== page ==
Jews are fleeing Europe

French Jews, as all the newspapers say, are afraid; they are going away, leaving for Israel and making Aliyah, the “ascent” to the land of their people. By now, French Jews on track to leave are already 7.000 against the 4.000 of the last year, and that by the end of this year their number might rise to 20.000. The situation is not different in the United Kingdom; also in Italy the Jewish emigration has increased, and the same goes for Germany.

More than panic, it is all about loathing and concern for one’s own children. The anti-Semitism now sweeping Europe, which has just been cleared of the horror of the Shoah, makes us lose faith in the human nature. However, France is unique: a French citizen is always “Liberté, Égalité, Fraternité”, as well as the baguette.

So, when Bibi Netanyahu, who attended the huge anti-terror rally in Paris with other world leaders, solemnly showed the French Jews the way home, the way to Israel, pointing it out as a possible safe haven for all the Jews, the audience broke into the Marseillaise, and not into the HaTikva, the “Hope Song”, Israel’s national anthem, right after he had concluded his address. The decision to leave France is a tough one for French Jews; still, many of them are taking it. They have been so brave to resist on the banks of the Seine during all these years of hatred.

The attack on the Hyper Cacher market has just been the final blow. By now, there is nothing left to do: the Jews do not live well in France anymore, and certainly this is not the first time, although now there is a lot of vacuous confusion around them packing their bags, a lot of controversy about their right to choose the path leading away from so regal an identity.

As the French Prime Minister Manuel Valls said, the tragedy of the French Jews will also be the tragedy of France itself. They are the biggest community in Europe, between 500.000 and 600.000 Jews, more than a half of the total number of European Jews, they are present in every social class, some of them came from Arab countries, and they often are in good economic conditions, sometimes problematically mixed with Arab immigrants in some neighborhoods.

On July 13, in the 11th arrondissement, a parade of protesters, many of them former North-Africans Arabs together with their allies from the extreme left, besieged the Synagogue in Rue de la Roquette shouting “Death to Jews”. The 200 Jews that were there had to barricade themselves inside the Synagogue while, in this new “Kristallnacht”, the attackers armed with knives and clubs tried to break in and assault the Jews inside in solidarity with the Palestinian people.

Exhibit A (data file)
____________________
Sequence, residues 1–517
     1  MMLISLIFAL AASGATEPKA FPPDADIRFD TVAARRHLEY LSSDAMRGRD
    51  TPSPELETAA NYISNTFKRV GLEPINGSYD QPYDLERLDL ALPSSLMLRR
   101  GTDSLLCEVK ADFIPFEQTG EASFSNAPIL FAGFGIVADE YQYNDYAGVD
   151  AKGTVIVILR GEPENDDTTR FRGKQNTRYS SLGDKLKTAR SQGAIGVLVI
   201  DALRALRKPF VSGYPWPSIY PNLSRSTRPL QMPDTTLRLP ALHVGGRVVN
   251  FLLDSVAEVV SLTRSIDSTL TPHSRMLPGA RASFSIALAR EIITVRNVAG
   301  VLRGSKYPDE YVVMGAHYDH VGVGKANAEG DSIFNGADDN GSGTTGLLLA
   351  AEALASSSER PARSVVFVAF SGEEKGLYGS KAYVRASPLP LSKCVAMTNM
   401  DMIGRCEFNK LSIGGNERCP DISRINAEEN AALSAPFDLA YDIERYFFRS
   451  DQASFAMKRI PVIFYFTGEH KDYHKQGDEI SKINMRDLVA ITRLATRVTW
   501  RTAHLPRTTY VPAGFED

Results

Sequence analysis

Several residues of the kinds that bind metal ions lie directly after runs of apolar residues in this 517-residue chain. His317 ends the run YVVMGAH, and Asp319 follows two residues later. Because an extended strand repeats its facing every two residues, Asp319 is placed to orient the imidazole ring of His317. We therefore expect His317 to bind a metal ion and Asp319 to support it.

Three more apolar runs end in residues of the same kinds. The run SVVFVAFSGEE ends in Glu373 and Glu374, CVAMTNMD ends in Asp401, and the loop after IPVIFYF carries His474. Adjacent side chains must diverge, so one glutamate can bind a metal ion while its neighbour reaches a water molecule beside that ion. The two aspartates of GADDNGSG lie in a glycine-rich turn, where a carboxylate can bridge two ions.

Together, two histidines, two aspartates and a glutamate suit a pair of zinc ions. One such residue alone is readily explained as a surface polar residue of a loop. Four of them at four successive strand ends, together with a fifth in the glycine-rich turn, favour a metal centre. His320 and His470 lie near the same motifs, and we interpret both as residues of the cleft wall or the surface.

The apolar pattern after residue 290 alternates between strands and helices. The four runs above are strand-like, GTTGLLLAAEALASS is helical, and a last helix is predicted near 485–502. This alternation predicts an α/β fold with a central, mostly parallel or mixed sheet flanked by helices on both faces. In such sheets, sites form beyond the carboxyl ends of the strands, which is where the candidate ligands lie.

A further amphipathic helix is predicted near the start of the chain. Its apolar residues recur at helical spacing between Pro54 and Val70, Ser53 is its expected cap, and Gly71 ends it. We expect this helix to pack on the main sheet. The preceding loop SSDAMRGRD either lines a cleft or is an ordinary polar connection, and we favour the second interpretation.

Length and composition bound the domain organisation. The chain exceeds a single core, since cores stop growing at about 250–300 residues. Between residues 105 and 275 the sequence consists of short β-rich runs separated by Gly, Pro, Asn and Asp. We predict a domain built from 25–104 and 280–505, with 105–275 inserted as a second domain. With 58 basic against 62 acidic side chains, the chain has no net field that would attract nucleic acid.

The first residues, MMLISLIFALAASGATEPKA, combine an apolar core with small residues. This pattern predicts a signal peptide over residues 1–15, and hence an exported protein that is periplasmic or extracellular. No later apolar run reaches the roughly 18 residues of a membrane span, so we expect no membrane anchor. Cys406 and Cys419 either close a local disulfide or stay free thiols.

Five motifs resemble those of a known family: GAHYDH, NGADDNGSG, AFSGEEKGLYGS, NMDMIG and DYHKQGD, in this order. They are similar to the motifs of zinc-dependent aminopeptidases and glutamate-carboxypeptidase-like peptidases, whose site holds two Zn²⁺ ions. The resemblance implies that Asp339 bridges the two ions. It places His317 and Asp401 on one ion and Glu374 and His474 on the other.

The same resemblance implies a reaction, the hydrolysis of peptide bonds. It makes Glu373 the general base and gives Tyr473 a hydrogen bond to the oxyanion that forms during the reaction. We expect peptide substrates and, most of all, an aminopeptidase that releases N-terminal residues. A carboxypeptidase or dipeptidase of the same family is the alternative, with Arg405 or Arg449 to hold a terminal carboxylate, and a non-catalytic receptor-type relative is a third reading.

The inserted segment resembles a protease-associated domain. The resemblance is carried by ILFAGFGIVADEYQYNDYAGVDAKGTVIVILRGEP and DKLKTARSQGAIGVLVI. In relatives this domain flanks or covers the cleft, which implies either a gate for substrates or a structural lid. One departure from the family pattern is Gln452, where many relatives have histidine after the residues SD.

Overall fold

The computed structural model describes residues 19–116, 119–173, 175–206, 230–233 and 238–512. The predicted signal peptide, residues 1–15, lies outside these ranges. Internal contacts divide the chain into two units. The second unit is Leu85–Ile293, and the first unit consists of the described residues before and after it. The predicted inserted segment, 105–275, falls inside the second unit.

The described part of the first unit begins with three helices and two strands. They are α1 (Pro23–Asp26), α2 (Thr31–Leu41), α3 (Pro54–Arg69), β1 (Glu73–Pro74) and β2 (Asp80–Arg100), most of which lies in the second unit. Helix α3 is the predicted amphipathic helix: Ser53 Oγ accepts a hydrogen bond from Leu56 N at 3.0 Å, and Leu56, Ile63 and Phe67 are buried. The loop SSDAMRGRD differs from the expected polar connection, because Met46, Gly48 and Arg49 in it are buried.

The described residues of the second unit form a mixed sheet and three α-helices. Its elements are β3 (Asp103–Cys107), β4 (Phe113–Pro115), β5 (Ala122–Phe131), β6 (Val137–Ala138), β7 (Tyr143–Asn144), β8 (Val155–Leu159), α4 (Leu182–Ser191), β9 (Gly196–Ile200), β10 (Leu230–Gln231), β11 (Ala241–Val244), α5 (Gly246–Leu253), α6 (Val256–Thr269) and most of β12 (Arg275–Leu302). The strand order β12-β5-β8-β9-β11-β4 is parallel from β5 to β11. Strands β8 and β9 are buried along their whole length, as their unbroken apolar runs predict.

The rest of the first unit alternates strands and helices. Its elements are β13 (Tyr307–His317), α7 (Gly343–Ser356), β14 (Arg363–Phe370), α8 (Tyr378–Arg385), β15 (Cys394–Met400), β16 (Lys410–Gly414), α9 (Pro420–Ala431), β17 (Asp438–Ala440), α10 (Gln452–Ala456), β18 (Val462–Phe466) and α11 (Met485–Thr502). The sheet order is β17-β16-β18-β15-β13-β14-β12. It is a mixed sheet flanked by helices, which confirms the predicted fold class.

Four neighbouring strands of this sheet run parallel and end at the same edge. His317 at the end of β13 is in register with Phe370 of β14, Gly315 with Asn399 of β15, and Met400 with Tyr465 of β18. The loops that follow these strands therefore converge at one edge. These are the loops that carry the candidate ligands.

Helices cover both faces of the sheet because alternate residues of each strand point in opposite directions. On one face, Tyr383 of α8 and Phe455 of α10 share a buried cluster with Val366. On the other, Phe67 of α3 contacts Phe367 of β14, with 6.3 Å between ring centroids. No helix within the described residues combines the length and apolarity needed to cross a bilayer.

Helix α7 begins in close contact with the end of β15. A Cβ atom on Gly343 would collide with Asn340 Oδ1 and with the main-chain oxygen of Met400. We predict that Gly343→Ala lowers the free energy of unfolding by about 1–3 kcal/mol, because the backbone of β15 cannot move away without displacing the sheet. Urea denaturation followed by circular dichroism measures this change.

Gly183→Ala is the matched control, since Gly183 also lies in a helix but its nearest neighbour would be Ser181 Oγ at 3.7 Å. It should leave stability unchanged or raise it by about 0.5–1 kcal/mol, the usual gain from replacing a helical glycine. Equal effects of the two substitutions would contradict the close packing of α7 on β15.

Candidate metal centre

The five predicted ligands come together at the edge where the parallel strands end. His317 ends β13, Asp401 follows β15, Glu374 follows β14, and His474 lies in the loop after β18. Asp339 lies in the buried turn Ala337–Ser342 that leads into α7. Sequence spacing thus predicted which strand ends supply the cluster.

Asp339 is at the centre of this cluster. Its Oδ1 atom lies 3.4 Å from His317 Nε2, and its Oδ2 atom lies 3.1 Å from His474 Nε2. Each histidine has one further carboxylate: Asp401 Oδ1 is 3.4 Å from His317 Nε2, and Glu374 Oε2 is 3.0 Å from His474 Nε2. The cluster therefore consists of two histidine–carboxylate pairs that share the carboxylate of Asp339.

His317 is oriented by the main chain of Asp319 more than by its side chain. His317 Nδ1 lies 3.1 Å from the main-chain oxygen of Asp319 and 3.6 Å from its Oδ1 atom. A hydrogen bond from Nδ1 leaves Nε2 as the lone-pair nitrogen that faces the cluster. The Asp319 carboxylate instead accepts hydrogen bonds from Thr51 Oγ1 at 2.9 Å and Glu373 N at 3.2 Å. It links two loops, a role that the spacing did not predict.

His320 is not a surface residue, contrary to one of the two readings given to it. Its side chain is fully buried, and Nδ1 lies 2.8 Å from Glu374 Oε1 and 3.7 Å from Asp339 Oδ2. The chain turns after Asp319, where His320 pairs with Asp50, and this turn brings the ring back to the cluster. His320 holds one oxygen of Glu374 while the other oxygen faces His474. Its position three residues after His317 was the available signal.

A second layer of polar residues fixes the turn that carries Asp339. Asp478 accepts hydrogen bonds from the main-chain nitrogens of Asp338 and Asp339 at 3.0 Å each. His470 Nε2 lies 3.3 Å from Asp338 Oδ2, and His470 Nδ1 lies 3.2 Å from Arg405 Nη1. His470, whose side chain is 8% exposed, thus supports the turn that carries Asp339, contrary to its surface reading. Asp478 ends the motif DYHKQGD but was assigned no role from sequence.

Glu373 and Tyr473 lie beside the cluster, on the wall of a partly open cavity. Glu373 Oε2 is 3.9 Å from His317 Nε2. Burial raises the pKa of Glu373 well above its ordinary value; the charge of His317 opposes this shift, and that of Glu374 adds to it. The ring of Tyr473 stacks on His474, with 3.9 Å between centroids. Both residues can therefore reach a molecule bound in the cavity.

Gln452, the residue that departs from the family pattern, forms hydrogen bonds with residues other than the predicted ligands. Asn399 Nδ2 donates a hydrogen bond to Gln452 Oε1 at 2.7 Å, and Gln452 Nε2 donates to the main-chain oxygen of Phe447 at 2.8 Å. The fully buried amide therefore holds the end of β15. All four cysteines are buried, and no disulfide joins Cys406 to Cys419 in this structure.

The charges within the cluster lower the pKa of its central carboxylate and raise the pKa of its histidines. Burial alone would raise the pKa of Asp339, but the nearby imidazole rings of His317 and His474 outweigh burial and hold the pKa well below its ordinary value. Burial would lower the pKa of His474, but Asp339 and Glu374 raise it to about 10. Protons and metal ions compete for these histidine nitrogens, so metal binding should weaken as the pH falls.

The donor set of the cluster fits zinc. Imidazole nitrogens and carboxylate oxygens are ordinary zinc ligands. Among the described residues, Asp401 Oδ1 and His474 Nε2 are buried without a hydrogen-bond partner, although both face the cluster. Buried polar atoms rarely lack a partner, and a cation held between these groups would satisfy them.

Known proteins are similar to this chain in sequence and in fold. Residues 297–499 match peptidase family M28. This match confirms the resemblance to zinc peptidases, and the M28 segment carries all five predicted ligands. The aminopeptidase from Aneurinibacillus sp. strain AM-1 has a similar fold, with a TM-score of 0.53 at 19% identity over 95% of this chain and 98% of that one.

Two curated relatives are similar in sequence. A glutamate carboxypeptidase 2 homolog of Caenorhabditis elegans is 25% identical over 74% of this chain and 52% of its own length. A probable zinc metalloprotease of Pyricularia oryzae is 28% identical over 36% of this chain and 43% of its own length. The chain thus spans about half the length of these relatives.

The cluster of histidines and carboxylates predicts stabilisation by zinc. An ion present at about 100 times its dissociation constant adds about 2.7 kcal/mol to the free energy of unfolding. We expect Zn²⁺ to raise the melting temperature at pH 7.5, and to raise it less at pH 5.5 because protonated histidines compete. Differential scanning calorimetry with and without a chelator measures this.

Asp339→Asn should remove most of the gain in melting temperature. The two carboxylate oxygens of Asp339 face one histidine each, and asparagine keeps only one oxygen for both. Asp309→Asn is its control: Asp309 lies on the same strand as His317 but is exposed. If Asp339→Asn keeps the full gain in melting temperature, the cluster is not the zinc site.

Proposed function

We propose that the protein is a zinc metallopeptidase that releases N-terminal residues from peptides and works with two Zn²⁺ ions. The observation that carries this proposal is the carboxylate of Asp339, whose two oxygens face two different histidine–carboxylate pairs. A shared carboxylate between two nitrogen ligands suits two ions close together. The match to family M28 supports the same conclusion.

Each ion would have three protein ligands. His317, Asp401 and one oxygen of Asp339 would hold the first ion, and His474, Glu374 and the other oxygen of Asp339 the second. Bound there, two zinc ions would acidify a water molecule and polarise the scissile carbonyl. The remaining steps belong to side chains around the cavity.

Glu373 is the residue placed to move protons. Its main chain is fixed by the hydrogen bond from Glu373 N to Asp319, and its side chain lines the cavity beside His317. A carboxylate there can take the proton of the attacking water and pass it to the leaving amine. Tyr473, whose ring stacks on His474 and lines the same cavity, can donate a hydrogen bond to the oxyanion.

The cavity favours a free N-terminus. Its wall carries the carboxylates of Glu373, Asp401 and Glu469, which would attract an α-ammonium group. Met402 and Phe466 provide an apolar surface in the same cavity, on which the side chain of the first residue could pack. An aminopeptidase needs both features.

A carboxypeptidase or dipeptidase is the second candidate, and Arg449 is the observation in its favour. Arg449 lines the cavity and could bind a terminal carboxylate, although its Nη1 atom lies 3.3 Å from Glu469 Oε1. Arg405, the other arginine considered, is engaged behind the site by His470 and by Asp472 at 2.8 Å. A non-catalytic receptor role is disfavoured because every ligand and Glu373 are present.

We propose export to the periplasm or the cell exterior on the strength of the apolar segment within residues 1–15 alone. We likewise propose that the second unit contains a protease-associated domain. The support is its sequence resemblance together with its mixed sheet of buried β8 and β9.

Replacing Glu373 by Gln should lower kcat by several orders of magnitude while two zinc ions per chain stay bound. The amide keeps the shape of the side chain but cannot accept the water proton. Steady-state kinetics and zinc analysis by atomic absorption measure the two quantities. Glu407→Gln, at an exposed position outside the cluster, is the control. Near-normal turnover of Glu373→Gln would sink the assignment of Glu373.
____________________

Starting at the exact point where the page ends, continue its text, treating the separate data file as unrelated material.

The escalation in Paris had similar moments all over the world: in London, Berlin (where the protesters shouted “Jew, coward pigs, come out and fight”), Sydney, Boston, and Santiago. But in Paris, since the Intifada of 2000, and as the Muslim presence has progressively made France its major nest, every kippah, every Star of David, became the target for beatings and insults. In 2006, the violence became homicidal when a young 23-year-old boy, Hilam Halimi, was abducted and then found in a junkyard after being tortured to death by the Islamist group “Les Barbares”.

Six years later, in Toulouse, the 23-year-old jihadist Mohammed Merah murdered a 30-year-old rabbi, his two children and another 8-year-old girl in front of the Ozar Hatorah Jewish school. After Merah’s attack, other assaults and threats against Jews followed in Toulouse. Another French jihadist killed four people in the Jewish Museum in Brussels, Belgium.

Then, while the actor Dieudonné Mbala Mbala led the radical negationist and anti-Zionist anti-Semitism in France, the attacks, the destruction of cemeteries, the assaults to restaurants and Synagogues continued until the Hyper Cacher attack and its four victims. The Jewish schools became campsites for soldiers defending children, and the Synagogues have been closed.

The French people were the first to emancipate the Jews in 1791, and then they supported Vichy, which abolished their emancipation and deported 76.000 of them in the concentration camps.

Their very strong ideology, which resents religion, is third-worldist, globalist, and has identified the love for Israel with a form of particularistic provincialism, of religious zealotry for which the Jews are always guilty of the persecutions imposed on them. Professor Robert Wistrich, a worldwide authority on anti-Semitism, cites a famous issue of the Express published last August: while the Jews were suffering a sequence of brutal attacks, it blamed them because they wanted to emigrate like traitors and cowards. And even Islamophobes, of course.


This article originally appeared in slightly different form in Italian in Il Giornale (January 13, 2015)


About the Author
Fiamma Nirenstein is a journalist, author, former Deputy President of the Committee on Foreign Affairs of the Italian Chamber of Deputies, and member of the Italian delegation at the Council of Europe.
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